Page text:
NEW YORK - Financial markets appeared somewhat more upbeat Tuesday, with stocks showing a partial rebound from a huge sell-off as top economic officials updated Congress about efforts to hammer out a $700 billion financial rescue plan.
Oil and gold prices retreated after shooting higher Monday as investors went in search of hard assets, and demand eased a bit for 3-month Treasury bills, considered the safest short-term financial asset. The dollar, hit hard on Monday, regained ground.
After days of intense gyrations in financial markets, investors are anxious over whether the plan to absorb billions of dollars in banks' bad mortgages and other risky assets will help steer the sputtering economy back onto sound footing or if it will lead to more turmoil by dramatically ramping up inflation.
Treasury Secretary Henry Paulson, Federal Reserve Chairman Ben Bernanke and Securities and Exchange Commission Chairman Christopher Cox are testifying before lawmakers, who are working with the Bush administration to iron out the details of the bailout.
In remarks prepared for his appearance before the Senate Banking Committee, Bernanke urged Congress to quickly pass the financial bailout and warned "the implications for the broader economy could be quite adverse" if current economic turmoil persists.
The comments came as President Bush sought to assure world leaders at the United Nations that the U.S. government has the economic problems under control, calling the bailout package "a robust plan to deal with serious problems." He said there are ideas about how to change the package but that there was a desire in Washington to get it approved quickly.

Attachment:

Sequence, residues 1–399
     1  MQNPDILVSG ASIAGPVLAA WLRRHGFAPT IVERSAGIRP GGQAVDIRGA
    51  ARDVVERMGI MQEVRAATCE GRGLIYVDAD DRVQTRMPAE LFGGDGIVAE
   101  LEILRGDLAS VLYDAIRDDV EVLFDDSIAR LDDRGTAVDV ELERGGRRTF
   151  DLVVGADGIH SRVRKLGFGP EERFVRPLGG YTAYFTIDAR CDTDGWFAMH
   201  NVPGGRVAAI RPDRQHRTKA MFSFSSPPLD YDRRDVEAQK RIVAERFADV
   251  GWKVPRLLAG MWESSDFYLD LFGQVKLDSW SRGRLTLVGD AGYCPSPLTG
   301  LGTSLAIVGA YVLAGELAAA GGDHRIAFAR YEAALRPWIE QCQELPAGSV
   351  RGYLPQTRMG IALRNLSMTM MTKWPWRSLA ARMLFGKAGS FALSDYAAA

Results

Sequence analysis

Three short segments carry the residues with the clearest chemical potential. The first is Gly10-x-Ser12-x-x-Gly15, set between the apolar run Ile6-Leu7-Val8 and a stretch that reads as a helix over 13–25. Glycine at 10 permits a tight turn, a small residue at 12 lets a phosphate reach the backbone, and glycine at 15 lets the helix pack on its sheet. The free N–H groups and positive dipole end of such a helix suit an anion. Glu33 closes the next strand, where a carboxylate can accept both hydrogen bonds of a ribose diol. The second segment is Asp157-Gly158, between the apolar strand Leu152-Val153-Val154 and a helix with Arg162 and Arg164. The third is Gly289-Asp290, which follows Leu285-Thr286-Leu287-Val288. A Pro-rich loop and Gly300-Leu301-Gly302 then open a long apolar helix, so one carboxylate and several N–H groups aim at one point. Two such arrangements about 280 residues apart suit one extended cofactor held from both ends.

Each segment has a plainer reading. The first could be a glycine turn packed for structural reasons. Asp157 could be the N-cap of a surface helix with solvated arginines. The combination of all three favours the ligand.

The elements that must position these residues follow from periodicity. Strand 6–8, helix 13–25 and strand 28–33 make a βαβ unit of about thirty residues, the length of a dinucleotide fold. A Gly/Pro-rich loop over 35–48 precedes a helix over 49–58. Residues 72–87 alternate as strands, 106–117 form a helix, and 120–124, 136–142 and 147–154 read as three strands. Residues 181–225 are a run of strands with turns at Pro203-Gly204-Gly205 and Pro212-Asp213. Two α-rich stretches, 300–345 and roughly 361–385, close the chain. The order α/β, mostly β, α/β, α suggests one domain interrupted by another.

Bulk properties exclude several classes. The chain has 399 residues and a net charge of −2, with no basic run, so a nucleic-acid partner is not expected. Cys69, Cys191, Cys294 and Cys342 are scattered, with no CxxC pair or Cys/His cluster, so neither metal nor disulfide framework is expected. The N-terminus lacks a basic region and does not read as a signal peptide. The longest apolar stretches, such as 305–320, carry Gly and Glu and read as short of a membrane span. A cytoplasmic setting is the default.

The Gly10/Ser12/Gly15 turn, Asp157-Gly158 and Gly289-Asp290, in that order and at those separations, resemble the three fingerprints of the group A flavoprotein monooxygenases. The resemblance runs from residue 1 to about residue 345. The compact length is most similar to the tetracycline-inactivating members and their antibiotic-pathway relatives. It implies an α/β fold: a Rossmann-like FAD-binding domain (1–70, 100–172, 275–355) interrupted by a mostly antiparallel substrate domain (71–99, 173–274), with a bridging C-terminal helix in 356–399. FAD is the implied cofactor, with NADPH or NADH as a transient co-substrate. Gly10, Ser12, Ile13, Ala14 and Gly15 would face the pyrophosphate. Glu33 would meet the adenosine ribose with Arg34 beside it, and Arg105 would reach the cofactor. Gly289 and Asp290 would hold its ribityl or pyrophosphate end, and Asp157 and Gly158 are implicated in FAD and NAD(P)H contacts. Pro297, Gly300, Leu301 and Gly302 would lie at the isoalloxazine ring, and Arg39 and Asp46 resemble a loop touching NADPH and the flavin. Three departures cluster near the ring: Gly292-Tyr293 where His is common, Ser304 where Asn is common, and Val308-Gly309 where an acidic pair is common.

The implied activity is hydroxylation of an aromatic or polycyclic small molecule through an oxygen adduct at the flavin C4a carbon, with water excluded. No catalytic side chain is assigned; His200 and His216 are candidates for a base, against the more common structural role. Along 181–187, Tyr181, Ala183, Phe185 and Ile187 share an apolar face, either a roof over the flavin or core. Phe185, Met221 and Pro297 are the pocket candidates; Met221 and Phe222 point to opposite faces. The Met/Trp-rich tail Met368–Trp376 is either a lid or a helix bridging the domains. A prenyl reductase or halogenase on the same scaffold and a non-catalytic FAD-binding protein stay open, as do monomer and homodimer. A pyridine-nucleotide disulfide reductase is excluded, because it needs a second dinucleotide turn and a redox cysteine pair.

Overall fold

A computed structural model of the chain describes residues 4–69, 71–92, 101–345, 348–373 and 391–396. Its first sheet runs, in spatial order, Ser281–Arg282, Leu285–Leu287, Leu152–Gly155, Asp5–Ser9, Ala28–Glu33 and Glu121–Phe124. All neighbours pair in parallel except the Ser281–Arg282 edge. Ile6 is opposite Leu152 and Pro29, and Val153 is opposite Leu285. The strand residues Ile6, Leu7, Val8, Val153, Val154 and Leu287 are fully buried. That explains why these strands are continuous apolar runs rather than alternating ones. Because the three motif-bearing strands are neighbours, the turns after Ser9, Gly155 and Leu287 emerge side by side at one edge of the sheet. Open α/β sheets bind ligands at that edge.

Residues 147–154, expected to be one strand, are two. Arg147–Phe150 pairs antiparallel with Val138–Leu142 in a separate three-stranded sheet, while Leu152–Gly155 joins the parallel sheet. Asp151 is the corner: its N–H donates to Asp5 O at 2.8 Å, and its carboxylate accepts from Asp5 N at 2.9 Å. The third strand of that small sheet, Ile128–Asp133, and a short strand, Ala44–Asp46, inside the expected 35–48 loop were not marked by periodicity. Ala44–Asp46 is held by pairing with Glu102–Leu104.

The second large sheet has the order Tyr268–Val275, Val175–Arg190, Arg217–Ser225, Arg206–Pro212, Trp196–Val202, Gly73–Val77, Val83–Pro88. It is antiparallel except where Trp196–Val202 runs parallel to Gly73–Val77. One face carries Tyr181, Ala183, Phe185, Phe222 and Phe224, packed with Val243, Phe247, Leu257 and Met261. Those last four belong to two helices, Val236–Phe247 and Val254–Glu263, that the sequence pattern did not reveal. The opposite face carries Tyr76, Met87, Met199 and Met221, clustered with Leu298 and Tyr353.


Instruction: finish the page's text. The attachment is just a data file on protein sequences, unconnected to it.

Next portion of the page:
The rescue plan is the latest in a string of extraordinary steps to prop up the U.S. economic system. Late Sunday, the Fed agreed to allow Goldman Sachs and Morgan Stanley to change their status to bank holding companies. The move, which dramatically reshapes the landscape of Wall Street, allows the companies to set up commercial banks and take deposits, boosting their reserves. It also subjects them to greater regulation, however.
The market for short-term Treasurys appeared stable, but by no means relaxed. The yield on the 3-month T-bill rose to 1.07 percent from 0.88 percent on Monday; last week, it was around zero after investors flooded money into T-bills as the credit markets seized up. That spurred the Bush administration to formulate its debt buyout plan.
The yield on the benchmark 10-year Treasury note, which trades opposite its price, fell to 3.81 percent early Tuesday from 3.85 percent on Monday.
The dollar, whose decline Monday drove some of the frenetic trading in other markets, was higher against other major currencies, while gold prices retreated from the previous day's big advance.
In the first hour of trading, the Dow Jones industrial average rose 76.62 percent, or 0.70 percent, to 11,092.31. On Monday, the Dow fell more than 370 points as unease over the government rescue plan sent investors scrambling for the safety of hard assets like oil and gold.
Broader stock indicators also rose. The Standard & Poor's 500 index rose 11.00 percent, or 0.91 percent, to 1,218.09, and the Nasdaq composite index rose 20.64, or 0.95 percent, to 2,199.62.
Investors will also be closely watching oil prices after anxiety over the government bailout and a huge short-covering rally pushed crude to the biggest one-day gain ever on Monday.
Light, sweet crude for November delivery fell $1 to $108.37 on the New York Mercantile Exchange. The October contract, which expired Monday, surged as much as $25.45 to $130 before falling back to settle at $120.92, up $16.37.
Overseas, Britain's FTSE 100 fell 2.09 percent, Germany's DAX index slid 0.34 percent, and France's CAC-40 fell 1.61 percent. Japanese financial markets were closed Tuesday for a national holiday.
Advancing issues outnumbered decliners by about 4 to 3 on the New York Stock Exchange, where volume came to 106.3 million shares.
The Russell 2000 index of smaller companies rose 1.68, or 0.23 percent, to 722.12.